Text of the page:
Related Schemes and Literature

Archive for the tag “art”


This is from my reply to today’s daily post challenge. Some of the references are to others’ comments
Heartbeats are nice and fluffy, but really it has more to do with the natural stress patterns in English. Latin and Greek meter are quite different, and orators were expected to use specific meter in their speeches, and it wasn’t iambic.
It only sounds forced if you don’t know what you are doing (see this awful thing for an excellent example of ‘sounding forced’).
Self deprecation aside, the point of using meter is that it easy to get it right in a particular language but have it sound terrible, and a challenge to make it sound natural. The art of it is in having self-imposed limitations and still expressing your feelings. I would say that this tension forces the artist to look more deeply into his or her feelings. The choice is not arbitrary, but comes about through the need to be challenged in the context of a particular language, and yet still be successful at that challenge. Paradise Lost by Milton is in (a lot) of iambic pentameter. It sounds very natural, well at least to someone in 17th century England. Convoluted at times, most definitely, but not forced.


The Perfect Sandwich

The perfect sandwich, and only $5000!!! Well, the saying is that artist who is
under the most obdurate constraints, will become the most creative.

First things first. I must effect my surroundings such that I will be in the
proper mood to create said sandwich. So off to England I go, to Kent–which is
the Garden of England by the way–wherein lies the rural seat of the Earl of
Sandwich. It was the 4th Earl, apparently, whose name got (well, actually his
titular name) applied to what we mean usually when we say ‘sandwich.’ I
remember in the sweet days of my youth that it was he, so I was told, who
invented the sandwich. This came from one of those (or possibly several)
‘educational’ TV shows. I thought it a bit odd that no one had done that
before. I was right, of course. We even have a recipe from Ancient Rome,
apparently one of the most popular, for ground beef shaped into a patty,
cooked and slapped between two pieces of bread. Go figure. They used a fish
sauce for their condiment. Probably something like Thousand Island–which
reminds me by way of the Sandwich Islands (named by Cook for said same 4th
Earl), that I should continue with my perfect sandwich. Estimated cost so far:

Having set the mood, the next item is to decide where the work of my genius
will be displayed. A picnic is most fitting. The country-side of Kent abounds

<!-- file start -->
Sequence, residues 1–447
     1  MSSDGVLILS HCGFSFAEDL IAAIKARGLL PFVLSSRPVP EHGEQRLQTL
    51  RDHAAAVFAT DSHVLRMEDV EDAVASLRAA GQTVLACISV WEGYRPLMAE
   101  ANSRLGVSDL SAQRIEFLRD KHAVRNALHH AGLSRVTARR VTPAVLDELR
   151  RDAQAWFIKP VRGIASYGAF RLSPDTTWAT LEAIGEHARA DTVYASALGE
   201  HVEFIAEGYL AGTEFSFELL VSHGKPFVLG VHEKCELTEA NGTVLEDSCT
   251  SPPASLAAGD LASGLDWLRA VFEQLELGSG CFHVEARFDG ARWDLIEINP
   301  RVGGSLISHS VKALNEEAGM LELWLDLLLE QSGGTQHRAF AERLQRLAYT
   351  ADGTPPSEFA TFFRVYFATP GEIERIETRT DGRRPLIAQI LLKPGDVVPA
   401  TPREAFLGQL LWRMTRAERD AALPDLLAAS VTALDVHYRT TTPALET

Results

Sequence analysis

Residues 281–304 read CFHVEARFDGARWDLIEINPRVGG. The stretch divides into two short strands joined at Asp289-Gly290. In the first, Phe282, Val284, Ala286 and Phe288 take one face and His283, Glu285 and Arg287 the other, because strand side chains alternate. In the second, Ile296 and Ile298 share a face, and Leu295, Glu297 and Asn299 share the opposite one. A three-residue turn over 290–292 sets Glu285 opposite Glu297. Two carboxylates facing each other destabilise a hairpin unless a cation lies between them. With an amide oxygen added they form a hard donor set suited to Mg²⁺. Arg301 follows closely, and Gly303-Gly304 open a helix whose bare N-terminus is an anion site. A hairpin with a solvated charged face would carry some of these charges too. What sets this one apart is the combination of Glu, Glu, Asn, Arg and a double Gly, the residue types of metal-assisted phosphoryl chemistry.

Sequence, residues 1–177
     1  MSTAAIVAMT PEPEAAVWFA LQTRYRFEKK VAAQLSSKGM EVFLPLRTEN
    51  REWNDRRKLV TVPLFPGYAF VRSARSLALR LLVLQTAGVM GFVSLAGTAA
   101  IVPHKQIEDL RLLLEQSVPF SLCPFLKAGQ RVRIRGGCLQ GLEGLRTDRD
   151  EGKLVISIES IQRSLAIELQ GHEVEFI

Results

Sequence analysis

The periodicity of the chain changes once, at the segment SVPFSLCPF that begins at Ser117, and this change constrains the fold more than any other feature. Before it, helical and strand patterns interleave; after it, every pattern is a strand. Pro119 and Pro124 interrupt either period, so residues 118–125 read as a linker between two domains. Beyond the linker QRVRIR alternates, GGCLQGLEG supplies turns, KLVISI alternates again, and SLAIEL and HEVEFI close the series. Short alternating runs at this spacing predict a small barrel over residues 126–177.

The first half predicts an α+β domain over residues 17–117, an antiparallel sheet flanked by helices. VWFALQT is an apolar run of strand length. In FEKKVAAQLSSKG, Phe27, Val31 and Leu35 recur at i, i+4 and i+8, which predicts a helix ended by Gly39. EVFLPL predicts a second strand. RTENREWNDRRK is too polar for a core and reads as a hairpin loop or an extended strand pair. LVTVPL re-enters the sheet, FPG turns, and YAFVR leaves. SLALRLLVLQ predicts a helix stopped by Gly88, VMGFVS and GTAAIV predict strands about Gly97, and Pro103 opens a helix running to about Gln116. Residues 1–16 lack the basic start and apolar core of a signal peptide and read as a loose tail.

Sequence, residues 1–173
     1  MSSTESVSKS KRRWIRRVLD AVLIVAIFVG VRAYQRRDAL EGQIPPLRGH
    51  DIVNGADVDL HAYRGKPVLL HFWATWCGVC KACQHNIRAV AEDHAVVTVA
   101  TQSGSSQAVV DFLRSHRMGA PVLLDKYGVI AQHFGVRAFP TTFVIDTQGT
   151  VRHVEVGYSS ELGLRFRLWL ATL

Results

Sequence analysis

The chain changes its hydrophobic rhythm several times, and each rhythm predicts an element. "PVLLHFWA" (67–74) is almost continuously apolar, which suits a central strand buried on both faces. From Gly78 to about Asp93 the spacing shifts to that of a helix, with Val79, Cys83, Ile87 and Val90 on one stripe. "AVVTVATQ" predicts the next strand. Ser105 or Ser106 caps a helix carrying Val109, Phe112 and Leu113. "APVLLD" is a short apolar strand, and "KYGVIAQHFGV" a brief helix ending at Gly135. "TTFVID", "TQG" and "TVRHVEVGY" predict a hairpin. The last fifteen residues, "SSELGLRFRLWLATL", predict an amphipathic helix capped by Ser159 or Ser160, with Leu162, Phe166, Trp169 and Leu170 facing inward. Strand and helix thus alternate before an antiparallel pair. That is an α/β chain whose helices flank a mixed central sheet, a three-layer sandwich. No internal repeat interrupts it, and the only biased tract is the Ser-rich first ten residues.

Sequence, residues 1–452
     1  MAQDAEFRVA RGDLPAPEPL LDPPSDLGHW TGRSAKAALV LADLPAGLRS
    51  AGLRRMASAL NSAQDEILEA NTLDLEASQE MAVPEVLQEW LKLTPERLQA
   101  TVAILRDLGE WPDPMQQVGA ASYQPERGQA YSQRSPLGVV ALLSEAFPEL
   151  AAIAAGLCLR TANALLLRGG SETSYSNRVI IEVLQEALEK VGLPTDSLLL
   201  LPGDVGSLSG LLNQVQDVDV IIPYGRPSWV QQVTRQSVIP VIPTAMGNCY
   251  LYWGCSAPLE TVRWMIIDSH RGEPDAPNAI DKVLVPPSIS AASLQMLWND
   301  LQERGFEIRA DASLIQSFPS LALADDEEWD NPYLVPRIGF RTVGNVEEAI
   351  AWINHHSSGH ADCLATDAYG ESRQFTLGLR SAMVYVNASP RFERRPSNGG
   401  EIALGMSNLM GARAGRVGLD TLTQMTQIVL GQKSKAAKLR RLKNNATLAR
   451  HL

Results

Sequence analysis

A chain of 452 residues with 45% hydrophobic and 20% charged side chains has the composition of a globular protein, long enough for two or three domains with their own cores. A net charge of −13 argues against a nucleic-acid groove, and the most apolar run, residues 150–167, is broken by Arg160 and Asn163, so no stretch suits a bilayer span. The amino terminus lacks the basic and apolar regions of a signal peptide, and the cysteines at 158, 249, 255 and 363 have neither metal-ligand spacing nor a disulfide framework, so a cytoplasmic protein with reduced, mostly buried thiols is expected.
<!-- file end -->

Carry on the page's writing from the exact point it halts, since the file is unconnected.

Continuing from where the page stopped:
with meadows. Traditional picnic basket, clean linen (never settle for less)
napkins, service for four. Estimated cost: $200. The after-sandwich wine,
Chateau d’Yquem, $300 (this is the small bottle, so we will only get a taste,
but from what I hear, well worth it). Assorted fruits, fresh, ripe and in
season, crisp garden salad with Thousand Island dressing (naturally),
pastries, cookies and whatever else is lying around looking tasty. Let’s say
$500, just to keep options open. And on that note, 3 attractive, young, single
ladies to share the victuals and keen conversation. Cost $0. (But note: the
accrued cost in residuals due to a possible, reciprocal attraction between
myself and one of the young ladies would most certainly exceed the amount set
for the sandwich. Because the likelyhood of such an eventuality is difficult
to predict, and as it is only indirectly related to the project, I have chosen
not to include any estimates in the cost of the project).

The sandwich itself, slow-roasted Kobe beef, imported, sliced paper thin and
stacked high on fresh baguettes, a splash of au juis and a dash of
stone-freshly ground mustard. Estimated cost $1000. This may seem to be too
high, but I intend to make many sandwiches, chosing only the best 4 for the
picnic, and distributing the remaining sandwiches to those living nearby. It
never hurts to feed those who in proximity to the Grand Event, the Revealing
of the Sandwich, will no doubt later be interviewed for all the major news
sources, in order that they would give a glowing review.

The remaining $1000 would be spent preserving the last, yet uneaten, bite of
my most perfect of all sandwiches. It must be done in such a way as to keep
all the subtle nuances of nibbled edges, stray bits of mustard, and wayward
pickle pieces (from the dressing) in pristine, unchanging glory. Also a case
to put it in to protect it in its many travels across the globe to only the
finest of art establishments. My fame assured, I shall then retire in order
that I might spend the rest of my days blogging of my success.

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